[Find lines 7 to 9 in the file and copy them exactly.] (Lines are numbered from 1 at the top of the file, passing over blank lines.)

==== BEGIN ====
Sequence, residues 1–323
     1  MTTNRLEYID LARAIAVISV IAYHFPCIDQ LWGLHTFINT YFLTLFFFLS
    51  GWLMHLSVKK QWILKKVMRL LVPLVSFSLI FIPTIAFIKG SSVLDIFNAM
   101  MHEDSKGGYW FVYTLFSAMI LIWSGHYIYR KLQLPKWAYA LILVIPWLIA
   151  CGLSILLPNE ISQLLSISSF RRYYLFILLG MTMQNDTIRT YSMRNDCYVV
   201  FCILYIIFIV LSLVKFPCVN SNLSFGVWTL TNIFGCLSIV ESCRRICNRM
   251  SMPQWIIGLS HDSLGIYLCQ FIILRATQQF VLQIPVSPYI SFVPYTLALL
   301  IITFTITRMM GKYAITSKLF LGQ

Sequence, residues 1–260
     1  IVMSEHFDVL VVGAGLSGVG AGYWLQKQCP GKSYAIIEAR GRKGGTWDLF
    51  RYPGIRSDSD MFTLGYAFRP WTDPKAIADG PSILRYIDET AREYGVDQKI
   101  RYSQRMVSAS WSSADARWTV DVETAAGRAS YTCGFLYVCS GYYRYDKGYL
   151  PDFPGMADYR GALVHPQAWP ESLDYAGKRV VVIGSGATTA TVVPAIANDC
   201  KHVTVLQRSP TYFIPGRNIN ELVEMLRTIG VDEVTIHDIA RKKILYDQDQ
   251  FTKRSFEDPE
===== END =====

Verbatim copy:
   251  SMPQWIIGLS HDSLGIYLCQ FIILRATQQF VLQIPVSPYI SFVPYTLALL
   301  IITFTITRMM GKYAITSKLF LGQ

Sequence, residues 1–260